Publication information including ownership, publisher, editors, office address, frequency of publication, subscription rates, and more. Location varies, but is often found on the back of page 1, near the editorial page, or on the table of contents page in magazines. The term masthead is sometimes used to denote the cover title, or nameplate (q.v.).
Newspaper's title and logo, printed on the front page. Sometimes called masthead, flag, title-line, or titlepiece.
Pull Quote
A brief excerpt from an article, set in display type, usually beside a column of text, for the purpose of drawing the reader's attention to some interesting aspect of the article. Pull quotes are more typically found in magazines, but became increasingly common in late twentieth century newspapers design.
Running Title
Title of the newspaper or magazine that appears atop each page, often in a shortened form, along with date and page number. Also called the folio.
Technically designates a newspaper format, half the size of the traditional broadsheet (q.v.). Tabloids are sometimes considered more downmarket than broadsheets, often wrongly associated with sensational, low-brow journalism. Moen argues that tabloids were designed for easier reading, especially in places like trains and buses. In Chicago, the Sun-Times was published in tabloid-format, while the Tribune was a broadsheet.  The first tabloid in the United States was the New York Daily News (1919), and in Britain the Daily Mail (1896). Read more about tabloids in Key Concepts in Journalism Studies.
Union Logotype
The printing or typographical union's label or seal, usually printed on the masthead (q.v.), if included at all. According to Harnett, its appearance could indicate an appeal to working class readers, by showing the paper was manufactured with union labor. Sometimes referred to as the bug.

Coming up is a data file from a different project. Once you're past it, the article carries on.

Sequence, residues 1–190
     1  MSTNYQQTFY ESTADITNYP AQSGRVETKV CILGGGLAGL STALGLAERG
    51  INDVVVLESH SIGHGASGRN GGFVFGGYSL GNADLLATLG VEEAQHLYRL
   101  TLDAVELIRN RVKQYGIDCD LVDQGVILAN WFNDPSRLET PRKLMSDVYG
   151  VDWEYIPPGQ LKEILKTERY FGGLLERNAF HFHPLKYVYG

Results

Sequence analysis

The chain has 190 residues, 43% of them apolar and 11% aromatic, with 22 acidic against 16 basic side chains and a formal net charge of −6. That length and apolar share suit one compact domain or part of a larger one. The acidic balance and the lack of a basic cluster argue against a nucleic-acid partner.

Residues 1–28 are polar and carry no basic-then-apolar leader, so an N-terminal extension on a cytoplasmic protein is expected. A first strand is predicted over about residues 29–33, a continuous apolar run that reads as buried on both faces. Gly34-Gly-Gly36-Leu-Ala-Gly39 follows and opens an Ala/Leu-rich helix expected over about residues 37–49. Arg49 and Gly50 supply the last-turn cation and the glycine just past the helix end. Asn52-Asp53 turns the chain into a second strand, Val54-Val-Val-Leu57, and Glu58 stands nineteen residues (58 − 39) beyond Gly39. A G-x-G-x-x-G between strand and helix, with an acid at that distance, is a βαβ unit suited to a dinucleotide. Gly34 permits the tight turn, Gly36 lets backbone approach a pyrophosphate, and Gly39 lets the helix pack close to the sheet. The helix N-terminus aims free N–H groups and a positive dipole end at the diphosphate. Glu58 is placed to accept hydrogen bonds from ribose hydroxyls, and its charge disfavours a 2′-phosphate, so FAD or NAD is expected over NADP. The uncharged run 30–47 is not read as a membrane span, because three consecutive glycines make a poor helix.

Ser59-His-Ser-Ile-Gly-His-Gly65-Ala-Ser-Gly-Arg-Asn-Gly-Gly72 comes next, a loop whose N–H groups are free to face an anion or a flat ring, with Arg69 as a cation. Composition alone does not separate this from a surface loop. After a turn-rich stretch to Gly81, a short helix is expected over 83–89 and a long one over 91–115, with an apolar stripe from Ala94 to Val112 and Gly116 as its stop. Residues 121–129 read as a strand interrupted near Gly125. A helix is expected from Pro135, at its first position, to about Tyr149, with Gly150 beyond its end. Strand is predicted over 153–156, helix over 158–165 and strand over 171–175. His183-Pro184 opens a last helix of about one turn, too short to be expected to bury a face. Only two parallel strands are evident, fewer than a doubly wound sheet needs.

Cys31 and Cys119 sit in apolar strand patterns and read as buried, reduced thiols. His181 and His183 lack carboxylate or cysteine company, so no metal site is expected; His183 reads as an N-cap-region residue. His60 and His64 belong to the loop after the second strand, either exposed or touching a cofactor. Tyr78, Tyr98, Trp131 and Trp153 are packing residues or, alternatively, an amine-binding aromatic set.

Carey, Helen H., and Judith E. Greenberg. How to Read a Newspaper. New York: Franklin Watts, 1983.

Eaman, Ross. Historical Dictionary of Journalism. Lanham, Md.: Scarecrow Press, 2009.

Franklin, Bob, Martin Hamer, Mark Hanna, Marie Kinsey, and John E. Richardson. Key Concepts in Journalism Studies. London: Sage, 2005.

Giles, Vic, and F.W. Hodgson. Creative Newspaper Design. 2d ed. Oxford, Eng.: Focal Press, 1996.

Hall, Linda, ed. Acronyms, Initialisms, and Abbreviations Dictionary. 40th ed. Detroit: Gale, 2008.

Harnett, Richard M. Wirespeak: Codes and Jargon of the News Business. San Mateo, Calif.: Shorebird Press, 1997.

Hutt, Allen, and Bob James. Newspaper Design Today: A Manual for Professionals. London: Lund Humphries, 1989.

Miller, Greg, Elizabeth Novickas, and Gerry Labedz. The Daily Illini Design Guide. Champaign, Ill.: Illini Publishing, 1976.

Moen, Daryl R. Newspaper Layout and Design: A Team Approach. 4th ed. Ames, Ia.: Iowa State University Press, 2000. Includes an interesting discussion of the tabloid format in chapter 15.

Salmon, Lucy Maynard. The Newspaper and the Historian. New York: Oxford University Press, 1923.

Sutton, Albert A. Design and Makeup of the Newspaper. New York: Prentice-Hall, 1948. Includes useful, if brief, essays on historical developments in newspaper design. See, for example, chapter 11 on the headline.